(The Root) — After a first term that saw fierce partisanship, a struggling economy and widespread disagreement on the principles that define us as a nation, President Barack Obama kicked off his second term with an address calling for unity while celebrating the nation's growing diversity and insisting that we must respect and look out for all Americans.
"We have always understood that when times change, so must we," said the president as he addressed the nation. "That fidelity to our founding principles requires new responses to new challenges; that preserving our individual freedoms ultimately requires collective action."
Speaking in a year that sees the convergence of two major anniversaries in the road to equality — the Emancipation Proclamation's 150th and the March on Washington's 50th — and on a day that coincides with the Martin Luther King Jr. holiday, President Obama frequently invoked names and imagery from freedom struggles, as well as the battles fought by immigrants, women and the lesbian, gay, bisexual and transgender community. Certainly, his political base was not forgotten in this speech.
"We, the people, declare today that the most evident of truths –- that all of us are created equal –- is the star that guides us still; just as it guided our forebears through Seneca Falls and Selma and Stonewall; just as it guided all those men and women, sung and unsung, who left footprints along this great Mall, to hear a preacher say that we cannot walk alone; to hear a King proclaim that our individual freedom is inextricably bound to the freedom of every soul on Earth," he intoned.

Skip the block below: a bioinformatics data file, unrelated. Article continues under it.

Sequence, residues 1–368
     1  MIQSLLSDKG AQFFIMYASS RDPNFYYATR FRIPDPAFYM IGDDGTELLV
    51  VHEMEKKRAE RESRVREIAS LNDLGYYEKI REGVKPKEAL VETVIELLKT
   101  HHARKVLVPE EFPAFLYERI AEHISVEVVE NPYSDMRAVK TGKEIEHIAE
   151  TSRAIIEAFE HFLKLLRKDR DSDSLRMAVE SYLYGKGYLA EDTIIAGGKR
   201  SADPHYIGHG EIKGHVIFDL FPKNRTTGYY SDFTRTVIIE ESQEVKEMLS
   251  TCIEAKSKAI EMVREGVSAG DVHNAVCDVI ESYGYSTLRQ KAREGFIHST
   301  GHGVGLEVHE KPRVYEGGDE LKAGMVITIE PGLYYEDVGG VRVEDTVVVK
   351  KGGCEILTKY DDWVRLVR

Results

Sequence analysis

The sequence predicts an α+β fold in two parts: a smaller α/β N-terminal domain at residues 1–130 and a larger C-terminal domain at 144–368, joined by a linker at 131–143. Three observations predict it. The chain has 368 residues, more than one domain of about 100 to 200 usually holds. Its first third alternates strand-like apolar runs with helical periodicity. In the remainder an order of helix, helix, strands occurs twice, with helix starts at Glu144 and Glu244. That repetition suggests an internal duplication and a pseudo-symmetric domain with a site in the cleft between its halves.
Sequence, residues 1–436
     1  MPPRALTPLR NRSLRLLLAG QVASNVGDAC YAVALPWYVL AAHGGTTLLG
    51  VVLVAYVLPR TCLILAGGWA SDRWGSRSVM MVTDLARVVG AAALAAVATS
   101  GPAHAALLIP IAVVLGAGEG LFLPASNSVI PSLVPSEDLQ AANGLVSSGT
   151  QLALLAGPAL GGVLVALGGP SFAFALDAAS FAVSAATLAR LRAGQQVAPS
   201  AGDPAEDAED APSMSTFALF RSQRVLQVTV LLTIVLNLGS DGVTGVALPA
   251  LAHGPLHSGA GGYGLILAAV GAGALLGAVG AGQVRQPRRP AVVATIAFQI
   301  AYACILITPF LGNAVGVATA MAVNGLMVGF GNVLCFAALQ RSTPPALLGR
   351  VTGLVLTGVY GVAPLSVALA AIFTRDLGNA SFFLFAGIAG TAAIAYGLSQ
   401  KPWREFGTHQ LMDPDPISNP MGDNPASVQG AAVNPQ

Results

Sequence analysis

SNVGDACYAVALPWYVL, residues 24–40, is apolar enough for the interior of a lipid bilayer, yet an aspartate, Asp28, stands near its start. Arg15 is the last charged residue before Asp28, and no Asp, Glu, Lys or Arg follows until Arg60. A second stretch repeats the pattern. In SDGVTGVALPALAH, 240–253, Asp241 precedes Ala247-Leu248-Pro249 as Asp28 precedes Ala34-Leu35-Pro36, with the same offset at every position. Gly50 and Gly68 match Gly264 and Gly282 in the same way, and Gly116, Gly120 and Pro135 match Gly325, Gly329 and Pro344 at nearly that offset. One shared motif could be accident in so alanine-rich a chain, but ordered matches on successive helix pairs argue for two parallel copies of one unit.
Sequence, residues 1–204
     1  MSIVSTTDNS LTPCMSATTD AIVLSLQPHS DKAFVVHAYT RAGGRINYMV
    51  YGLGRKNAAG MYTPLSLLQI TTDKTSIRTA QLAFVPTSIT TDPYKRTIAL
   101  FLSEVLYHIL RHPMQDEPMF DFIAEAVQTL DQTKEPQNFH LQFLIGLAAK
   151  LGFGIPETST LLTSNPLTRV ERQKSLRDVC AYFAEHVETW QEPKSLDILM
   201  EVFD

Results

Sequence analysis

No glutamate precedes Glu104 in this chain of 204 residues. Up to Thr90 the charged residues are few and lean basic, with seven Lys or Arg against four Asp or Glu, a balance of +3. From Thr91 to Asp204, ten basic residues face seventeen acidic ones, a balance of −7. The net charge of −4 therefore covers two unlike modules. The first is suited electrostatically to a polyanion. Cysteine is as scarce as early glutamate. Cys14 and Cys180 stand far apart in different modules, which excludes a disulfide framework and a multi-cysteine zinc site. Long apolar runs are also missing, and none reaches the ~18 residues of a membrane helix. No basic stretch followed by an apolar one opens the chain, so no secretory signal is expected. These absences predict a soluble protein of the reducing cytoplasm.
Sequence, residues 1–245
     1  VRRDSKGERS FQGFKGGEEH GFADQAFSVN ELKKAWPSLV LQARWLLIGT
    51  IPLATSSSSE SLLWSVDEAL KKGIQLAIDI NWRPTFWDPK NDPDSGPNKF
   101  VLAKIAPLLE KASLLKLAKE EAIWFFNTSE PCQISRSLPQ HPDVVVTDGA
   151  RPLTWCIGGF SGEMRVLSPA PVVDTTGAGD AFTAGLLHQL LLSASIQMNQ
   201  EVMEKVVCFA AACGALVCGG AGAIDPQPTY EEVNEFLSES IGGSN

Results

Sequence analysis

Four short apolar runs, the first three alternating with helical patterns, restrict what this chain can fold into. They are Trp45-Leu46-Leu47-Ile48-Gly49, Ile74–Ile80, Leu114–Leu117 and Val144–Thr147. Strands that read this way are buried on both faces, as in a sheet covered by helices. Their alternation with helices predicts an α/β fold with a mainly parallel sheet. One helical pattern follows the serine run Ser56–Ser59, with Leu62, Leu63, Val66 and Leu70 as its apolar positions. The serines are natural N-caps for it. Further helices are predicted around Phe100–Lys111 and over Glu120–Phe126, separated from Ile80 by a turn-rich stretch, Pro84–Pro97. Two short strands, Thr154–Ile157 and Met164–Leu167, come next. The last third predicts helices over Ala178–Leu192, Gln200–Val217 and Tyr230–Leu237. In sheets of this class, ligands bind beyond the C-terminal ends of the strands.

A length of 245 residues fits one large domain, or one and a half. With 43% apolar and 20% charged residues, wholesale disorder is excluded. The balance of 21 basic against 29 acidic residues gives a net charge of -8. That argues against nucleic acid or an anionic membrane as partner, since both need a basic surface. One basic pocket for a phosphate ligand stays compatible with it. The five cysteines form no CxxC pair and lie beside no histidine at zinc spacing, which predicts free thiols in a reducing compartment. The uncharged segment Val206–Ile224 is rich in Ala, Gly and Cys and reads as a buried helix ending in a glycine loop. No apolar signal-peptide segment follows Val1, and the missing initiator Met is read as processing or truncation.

The coalition that helped re-elect the president was also well represented elsewhere in the inaugural proceedings. Slain civil rights activist Medgar Evers' widow, Myrlie Evers-Williams, gave the invocation; the Rev. Luis Leon of of St. John's Church in Washington, D.C., gave a benediction that asked God to help "see that we are created in your image, whether brown, black or white; male or female; first-generation or immigrant American or daughter of the American Revolution; gay or straight; rich or poor"; and even GOP Sen. Lamar Alexander of Tennessee quoted Roots author Alex Haley.
But beyond that coalition are the 49 percent of voters who did not choose President Obama for a second term. To them, and to the lawmakers across the aisle with whom he must spend the coming weeks hammering out a budget deal, he said, "Progress does not compel us to settle centuries-long debates about the role of government for all time, but it does require us to act in our time."
Will he be able to lead Congress in solving our nation's economic problems and healing some of the political rifts that seem to have widened over the past four years? Time will tell if this sunny, brisk day in January is the beginning of real progress.
Sheryl Huggins Salomon is senior editor-at-large of The Root and a Brooklyn, N.Y.-based editorial consultant. Follow her on Twitter.